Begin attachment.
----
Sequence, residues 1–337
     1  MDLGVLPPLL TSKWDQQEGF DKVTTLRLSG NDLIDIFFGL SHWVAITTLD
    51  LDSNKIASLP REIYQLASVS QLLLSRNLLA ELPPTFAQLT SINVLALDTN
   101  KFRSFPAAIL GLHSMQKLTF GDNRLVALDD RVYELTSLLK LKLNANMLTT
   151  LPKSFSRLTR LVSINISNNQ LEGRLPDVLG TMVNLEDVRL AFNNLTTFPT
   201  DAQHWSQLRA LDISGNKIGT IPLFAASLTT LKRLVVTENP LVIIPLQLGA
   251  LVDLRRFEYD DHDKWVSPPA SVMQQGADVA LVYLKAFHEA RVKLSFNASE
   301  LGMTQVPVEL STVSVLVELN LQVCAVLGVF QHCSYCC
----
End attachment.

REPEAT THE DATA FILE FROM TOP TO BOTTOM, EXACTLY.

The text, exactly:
Sequence, residues 1–337
     1  MDLGVLPPLL TSKWDQQEGF DKVTTLRLSG NDLIDIFFGL SHWVAITTLD
    51  LDSNKIASLP REIYQLASVS QLLLSRNLLA ELPPTFAQLT SINVLALDTN
   101  KFRSFPAAIL GLHSMQKLTF GDNRLVALDD RVYELTSLLK LKLNANMLTT
   151  LPKSFSRLTR LVSINISNNQ LEGRLPDVLG TMVNLEDVRL AFNNLTTFPT
   201  DAQHWSQLRA LDISGNKIGT IPLFAASLTT LKRLVVTENP LVIIPLQLGA
   251  LVDLRRFEYD DHDKWVSPPA SVMQQGADVA LVYLKAFHEA RVKLSFNASE
   301  LGMTQVPVEL STVSVLVELN LQVCAVLGVF QHCSYCC